The Fireside Chats of Franklin Delano Roosevelt

(5) The Congress set up the United States Housing Authority to help
finance large-scale slum clearance and provide low rent housing for
the low income groups in our cities. And by improving the Federal
Housing Act, the Congress made it easier for private capital to
build modest homes and low rental dwellings.

(6) The Congress has properly reduced taxes on small corporate
enterprises, and has made it easier for the Reconstruction Finance
Corporation to make credit available to all business. I think the
bankers of the country can fairly be expected to participate in
loans where the government, through the Reconstruction Finance
Corporation, offers to take a fair portion of the risk.

(7) The Congress has provided additional funds for the Works
Progress Administration, the Public Works Administration, the Rural
Electrification Administration, the Civilian Conservation Corps and
other agencies, in order to take care of what we hope is a
temporary additional number of unemployed at this time and to
encourage production of every kind by private enterprise.

All these things together I call our program for the national
defense of our economic system. It is a program of balanced
action–of moving on all fronts at once in intelligent recognition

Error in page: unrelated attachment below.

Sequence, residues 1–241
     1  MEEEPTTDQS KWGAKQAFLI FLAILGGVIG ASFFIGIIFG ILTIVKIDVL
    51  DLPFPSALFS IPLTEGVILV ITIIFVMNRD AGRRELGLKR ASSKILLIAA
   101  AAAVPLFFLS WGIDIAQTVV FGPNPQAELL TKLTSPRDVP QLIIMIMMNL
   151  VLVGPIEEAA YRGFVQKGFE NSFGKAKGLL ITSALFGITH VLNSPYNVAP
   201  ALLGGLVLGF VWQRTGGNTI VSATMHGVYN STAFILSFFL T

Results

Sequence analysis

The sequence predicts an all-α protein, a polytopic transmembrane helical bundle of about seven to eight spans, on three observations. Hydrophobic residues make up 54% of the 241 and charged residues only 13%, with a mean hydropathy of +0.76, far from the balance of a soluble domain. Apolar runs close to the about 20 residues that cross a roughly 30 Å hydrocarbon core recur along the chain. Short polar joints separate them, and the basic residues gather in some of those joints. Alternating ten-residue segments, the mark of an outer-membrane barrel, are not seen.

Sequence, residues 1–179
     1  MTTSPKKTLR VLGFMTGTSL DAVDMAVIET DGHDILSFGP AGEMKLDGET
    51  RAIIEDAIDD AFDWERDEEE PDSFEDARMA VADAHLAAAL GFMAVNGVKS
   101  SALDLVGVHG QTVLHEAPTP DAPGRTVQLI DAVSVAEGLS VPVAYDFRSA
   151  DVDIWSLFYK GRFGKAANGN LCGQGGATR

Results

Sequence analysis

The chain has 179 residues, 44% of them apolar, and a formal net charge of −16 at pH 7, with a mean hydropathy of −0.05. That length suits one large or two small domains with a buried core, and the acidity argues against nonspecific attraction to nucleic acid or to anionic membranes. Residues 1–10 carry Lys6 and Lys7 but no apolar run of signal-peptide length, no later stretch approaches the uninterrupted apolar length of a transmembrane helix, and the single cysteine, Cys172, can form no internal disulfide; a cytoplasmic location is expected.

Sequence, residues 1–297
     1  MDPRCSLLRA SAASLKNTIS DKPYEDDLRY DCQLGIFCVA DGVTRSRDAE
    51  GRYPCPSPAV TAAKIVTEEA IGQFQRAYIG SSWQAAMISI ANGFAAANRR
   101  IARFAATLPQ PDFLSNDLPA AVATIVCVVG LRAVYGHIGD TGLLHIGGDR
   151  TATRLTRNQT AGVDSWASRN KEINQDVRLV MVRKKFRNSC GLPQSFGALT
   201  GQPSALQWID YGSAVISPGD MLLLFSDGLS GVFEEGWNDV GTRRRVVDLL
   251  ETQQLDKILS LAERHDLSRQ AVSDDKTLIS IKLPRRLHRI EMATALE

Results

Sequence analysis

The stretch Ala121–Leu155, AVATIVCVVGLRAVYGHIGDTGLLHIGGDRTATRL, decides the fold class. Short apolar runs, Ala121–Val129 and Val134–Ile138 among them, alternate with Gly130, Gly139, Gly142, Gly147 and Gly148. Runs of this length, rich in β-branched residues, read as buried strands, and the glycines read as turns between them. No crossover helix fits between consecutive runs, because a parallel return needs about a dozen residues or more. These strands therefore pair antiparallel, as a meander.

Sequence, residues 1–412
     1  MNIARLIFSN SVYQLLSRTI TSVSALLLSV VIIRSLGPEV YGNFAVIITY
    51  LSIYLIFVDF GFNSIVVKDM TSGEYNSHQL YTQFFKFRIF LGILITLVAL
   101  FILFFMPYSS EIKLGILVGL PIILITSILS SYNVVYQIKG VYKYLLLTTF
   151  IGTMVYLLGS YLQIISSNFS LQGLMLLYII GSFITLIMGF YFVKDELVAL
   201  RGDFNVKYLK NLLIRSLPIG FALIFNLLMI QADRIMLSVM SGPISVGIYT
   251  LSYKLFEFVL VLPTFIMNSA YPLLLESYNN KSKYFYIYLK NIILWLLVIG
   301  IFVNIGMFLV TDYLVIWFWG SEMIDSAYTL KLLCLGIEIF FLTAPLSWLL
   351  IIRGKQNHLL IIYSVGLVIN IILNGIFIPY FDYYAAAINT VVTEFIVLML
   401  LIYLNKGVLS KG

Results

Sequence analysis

that all of our economic problems, of every group, and of every
section of the country are essentially one problem.

(8) Finally, because of increasing armaments in other nations and
an international situation which is definitely disturbing to all of
us, the Congress has authorized important additions to the national
armed defense of our shores and our people.

On another important subject the net result of a struggle in the
Congress has been an important victory for the people of the United
States–what might well be called a lost battle which won a war.

You will remember that on February 5, 1937, I sent a message to the
Congress dealing with the real need of federal court reforms of
several kinds. In one way or another, during the sessions of this
Congress, the ends–the real objectives–sought in that message,
have been substantially attained.

The attitude of the Supreme Court towards constitutional questions
is entirely changed. Its recent decisions are eloquent testimony of
a willingness to collaborate with the two other branches of
government to make democracy work. The government has been granted
the right to protect its interests in litigation between private
parties involving the constitutionality of federal, and to appeal
directly to the Supreme Court in all cases involving the
constitutionality of federal statutes; and no single judge is any